How did you approach that? It’s a very grim film…
Very grim indeed. This is why I think directors and composers need to just be really smart with each other and with the audience. We realized that if you’re going to make a film in which children are being abused, you can’t expect the audience to put up with the usual music, music that either softens it up or turns it into entertainment. It’s too raw. So the more I wrote, the more we chucked out. We made it really sparse. I’d get a small string section and ask them to play with no vibrato, so there would be no expression. The main thing was that we did not want to write a theme that people would whistle!

Shortly after, you did “Born Romantic.” What were the challenges of scoring a romcom?
That came about through my association with Nick Willing — I did his film “Photographing Fairies.” Then his wife Michelle started producing light comedies, the first being “This Year’s Love.” “Born Romantic” was the second one, which is about salsa dancing. The thing that I’ve learned is that comedy music is really difficult. I personally think the funniest music in comedies sounds like the composer is really grumpy and doesn’t get the joke. If it’s all sliding trombones, then it’s a “Carry On” film. You need to present people with pastiches, in a way.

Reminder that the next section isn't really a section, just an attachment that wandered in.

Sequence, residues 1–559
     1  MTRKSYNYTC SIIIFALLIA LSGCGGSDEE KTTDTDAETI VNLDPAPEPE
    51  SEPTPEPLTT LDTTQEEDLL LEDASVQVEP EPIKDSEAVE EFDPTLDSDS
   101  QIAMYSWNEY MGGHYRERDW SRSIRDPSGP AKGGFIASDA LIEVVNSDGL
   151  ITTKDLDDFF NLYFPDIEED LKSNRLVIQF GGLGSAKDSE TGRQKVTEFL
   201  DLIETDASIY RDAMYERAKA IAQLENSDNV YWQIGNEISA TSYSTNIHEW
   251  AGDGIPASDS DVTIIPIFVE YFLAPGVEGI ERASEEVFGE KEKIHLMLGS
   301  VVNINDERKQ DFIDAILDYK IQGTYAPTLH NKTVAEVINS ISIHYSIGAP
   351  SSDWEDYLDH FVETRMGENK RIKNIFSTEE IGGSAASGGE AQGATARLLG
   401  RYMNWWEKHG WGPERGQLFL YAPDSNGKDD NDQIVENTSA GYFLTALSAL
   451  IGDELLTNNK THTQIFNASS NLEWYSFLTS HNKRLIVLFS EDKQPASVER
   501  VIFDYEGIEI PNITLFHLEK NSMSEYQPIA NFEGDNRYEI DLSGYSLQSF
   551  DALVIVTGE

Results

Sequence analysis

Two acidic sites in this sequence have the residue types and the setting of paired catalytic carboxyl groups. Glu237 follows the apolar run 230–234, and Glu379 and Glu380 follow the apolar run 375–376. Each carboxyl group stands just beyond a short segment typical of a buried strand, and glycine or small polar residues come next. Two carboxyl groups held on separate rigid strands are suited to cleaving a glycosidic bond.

Is that what you did with “Churchill: The War Years”?
That was a very difficult one for me. I coped with that by doing pastiches of some very ’40s-sounding romantic music. Peter Richardson, the director, was asking me to do the most insane things… [Laughs] It got cut out in the end, but he phoned me one day and said, “Could you possibly write ‘Hitler Has Only Got One Ball’ in the style of James Brown?” Which I still have, actually! [Laughs] I’m quite up for doing comedy, I just find it difficult.